Pumpkin has become the communal vegetable for me. It is something I seem to neither grow nor eat alone. When not bought, my annual source has become autumn working bees at my community garden. I am not even sure where they all come from, but at the end of every summer we find ourselves launching into the task of reclaiming some soil for the next season’s planting, or even just from the organic jungle that pumpkin so easily collaborates in. Some are certainly planted, but others just as likely from compost – which for many cucurbits, as well as tomatoes and capsicums (including chillies) is a favoured way of seed dispersal.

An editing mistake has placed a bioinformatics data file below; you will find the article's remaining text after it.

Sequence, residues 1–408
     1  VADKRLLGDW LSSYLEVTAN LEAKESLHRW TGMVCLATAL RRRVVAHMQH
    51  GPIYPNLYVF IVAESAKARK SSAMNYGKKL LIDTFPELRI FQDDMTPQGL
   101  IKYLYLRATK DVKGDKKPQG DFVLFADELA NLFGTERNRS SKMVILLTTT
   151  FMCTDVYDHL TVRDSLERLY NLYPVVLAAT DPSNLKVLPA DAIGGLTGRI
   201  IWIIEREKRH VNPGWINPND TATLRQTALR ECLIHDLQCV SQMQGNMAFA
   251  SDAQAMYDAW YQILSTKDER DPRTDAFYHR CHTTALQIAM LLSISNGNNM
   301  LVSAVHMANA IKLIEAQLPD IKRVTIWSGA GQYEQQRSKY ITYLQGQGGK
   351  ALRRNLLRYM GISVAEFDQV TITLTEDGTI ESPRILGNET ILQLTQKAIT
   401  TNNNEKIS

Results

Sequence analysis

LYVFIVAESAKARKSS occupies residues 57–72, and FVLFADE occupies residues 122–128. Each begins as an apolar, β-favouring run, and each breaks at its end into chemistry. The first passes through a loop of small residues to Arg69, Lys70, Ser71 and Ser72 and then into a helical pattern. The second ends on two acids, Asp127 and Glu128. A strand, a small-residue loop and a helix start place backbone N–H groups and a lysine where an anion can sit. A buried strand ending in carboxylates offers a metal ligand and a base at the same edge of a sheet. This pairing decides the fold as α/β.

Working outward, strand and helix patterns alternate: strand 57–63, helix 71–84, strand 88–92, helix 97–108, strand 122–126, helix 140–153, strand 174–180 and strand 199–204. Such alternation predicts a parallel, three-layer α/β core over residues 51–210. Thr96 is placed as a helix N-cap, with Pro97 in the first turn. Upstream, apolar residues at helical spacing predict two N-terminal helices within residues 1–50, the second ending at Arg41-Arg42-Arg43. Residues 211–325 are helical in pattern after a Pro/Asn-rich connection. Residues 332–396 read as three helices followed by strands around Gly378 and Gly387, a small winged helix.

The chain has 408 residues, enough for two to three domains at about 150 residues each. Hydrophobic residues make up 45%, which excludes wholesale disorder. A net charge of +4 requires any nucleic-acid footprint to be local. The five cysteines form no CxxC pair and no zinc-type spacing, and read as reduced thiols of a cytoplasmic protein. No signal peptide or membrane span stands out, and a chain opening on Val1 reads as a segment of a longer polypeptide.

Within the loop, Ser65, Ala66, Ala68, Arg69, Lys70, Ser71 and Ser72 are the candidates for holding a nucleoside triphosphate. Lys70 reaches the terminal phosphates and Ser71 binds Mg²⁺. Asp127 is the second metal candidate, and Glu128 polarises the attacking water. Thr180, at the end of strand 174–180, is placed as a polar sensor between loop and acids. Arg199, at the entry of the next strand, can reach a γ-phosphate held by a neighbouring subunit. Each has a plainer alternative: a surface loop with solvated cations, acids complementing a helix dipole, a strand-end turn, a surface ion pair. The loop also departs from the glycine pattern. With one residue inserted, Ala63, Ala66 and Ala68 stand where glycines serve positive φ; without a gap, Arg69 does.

This year, yesterday actually, one big blue pumpkin (pictured above) made it to the table, although dwarfed by the massive Halloween style behemoth of a couple of years ago (pictured below). Come the end of the working bee, they are cut up and left to be foraged by the assembled workers. If you missed out on a slice, you may have alternatively got one of the smaller Japanese pumpkins in the haul. There seems to be no system and no formal code, just a general trust that nobody would take an unreasonable share. Apart from the rats that is – for this years biggest fruit it took being wrapping in wire chook mesh for it find its way into 8 separate kitchens.